This project supports a research program that bridges mathematics to data science. The techniques developed in this project center on randomized constructions that illuminate geometry at large scale, and which can be useful in the study of networks. Example applications include epidemiology, social networks, and geospatial networks. Many ideas for these applications can be mined from the study of infinite groups; however, most of the technology developed in geometric group theory is asymptotic, and requires passing to an infinite limit. In practical applications, it is essential to have medium-scale techniques that are neither infinitesimal nor asymptotic.

This research project will focus on 4 areas, (1) Counting and statistical geometry: methods for studying the precise geometry of geodesics open up applications like rational growth, statistical hyperbolicity, and macro Ricci curvature. (2) Nilpotent geometry: nilpotent groups such as the 3D Heisenberg group are of central interest in geometric analysis, Lie theory, and even the part of control theory that centers on sub-Riemannian geometry. In the 1980s, they also opened up a new vista on geometric group theory, through Gromov's remarkable polynomial growth theorem, which is still being explored for insights. New directions of inquiry explored here bring the geometric analysis together with the combinatorial group theory. (3) Teichmuller geometry and billiards: From the geometry of random triangles to rigidity theorems in symbolic dynamics, the proposal describes an active research program built from an interplay of flat and hyperbolic geometry. (4) Markov chains on graph partitions: How can we efficiently sample from the balanced, connected k-partitions of a graph? And how about preferentially sampling from partitions with a short boundary? This is a question of fundamental interest across many application domains, and it lends itself well to exploration on large datasets. The PI and his/her collaborators have implemented a recombination ("ReCom") Markov chain and research program for understanding its dynamics and geometry. This provides a rich application for ideas from ergodic theory, isoperimetry, and combinatorial models for moduli space.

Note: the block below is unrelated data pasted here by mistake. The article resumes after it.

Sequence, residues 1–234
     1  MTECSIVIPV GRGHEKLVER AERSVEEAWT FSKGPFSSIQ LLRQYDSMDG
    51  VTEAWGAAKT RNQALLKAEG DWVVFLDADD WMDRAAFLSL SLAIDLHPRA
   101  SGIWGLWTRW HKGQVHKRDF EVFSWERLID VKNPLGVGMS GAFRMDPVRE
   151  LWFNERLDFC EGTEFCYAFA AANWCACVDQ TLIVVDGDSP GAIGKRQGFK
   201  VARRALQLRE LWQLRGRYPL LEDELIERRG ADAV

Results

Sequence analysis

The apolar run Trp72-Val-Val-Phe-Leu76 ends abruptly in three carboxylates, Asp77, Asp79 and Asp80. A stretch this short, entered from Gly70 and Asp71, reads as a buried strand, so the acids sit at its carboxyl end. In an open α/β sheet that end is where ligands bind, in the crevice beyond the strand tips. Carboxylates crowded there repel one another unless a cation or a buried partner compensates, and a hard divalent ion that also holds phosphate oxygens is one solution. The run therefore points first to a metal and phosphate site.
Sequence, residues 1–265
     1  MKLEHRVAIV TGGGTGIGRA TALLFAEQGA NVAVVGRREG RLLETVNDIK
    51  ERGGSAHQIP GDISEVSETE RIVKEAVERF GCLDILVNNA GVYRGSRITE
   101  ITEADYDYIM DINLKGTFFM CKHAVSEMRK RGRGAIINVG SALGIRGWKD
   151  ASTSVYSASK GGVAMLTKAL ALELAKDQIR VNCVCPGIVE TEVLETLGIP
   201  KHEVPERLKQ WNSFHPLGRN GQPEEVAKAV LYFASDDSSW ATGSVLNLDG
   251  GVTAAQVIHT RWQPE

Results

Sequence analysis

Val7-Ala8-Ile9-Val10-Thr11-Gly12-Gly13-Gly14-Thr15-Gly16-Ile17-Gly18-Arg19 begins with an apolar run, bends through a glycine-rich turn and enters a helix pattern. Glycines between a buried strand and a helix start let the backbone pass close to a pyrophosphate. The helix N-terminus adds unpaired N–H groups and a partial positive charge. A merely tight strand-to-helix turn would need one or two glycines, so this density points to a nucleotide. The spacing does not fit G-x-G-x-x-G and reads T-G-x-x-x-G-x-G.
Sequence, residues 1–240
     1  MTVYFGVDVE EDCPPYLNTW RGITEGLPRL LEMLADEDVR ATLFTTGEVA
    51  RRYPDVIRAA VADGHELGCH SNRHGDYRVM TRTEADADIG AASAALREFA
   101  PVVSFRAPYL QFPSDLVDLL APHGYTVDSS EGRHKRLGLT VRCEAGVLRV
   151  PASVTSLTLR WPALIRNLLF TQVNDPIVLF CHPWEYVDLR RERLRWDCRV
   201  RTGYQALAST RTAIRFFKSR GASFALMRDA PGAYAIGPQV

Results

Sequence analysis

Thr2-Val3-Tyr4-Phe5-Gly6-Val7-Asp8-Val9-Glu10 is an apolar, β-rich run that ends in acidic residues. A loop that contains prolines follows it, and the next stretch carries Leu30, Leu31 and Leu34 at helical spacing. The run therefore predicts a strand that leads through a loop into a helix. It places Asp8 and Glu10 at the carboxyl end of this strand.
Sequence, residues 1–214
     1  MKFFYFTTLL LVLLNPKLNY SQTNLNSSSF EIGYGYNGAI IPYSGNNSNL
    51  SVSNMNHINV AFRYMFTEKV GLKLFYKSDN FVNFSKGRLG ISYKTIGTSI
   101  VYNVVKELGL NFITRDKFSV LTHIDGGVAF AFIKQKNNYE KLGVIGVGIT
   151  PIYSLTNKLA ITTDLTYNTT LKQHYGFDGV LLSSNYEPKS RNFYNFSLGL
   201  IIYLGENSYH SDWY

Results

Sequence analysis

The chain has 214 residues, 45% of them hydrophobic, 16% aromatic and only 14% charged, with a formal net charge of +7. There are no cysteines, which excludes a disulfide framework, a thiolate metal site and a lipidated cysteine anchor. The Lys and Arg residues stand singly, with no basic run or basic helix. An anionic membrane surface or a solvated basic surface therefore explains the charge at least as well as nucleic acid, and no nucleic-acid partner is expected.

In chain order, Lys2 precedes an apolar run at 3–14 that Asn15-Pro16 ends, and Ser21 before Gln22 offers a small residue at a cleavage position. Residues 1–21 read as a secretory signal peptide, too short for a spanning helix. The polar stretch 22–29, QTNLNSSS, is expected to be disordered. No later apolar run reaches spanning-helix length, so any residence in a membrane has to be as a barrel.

This award reflects NSF's statutory mission and has been deemed worthy of support through evaluation using the Foundation's intellectual merit and broader impacts review criteria.

National Science Foundation (NSF)
Division of Mathematical Sciences (DMS)
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Christopher Stark
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Tufts University
United States
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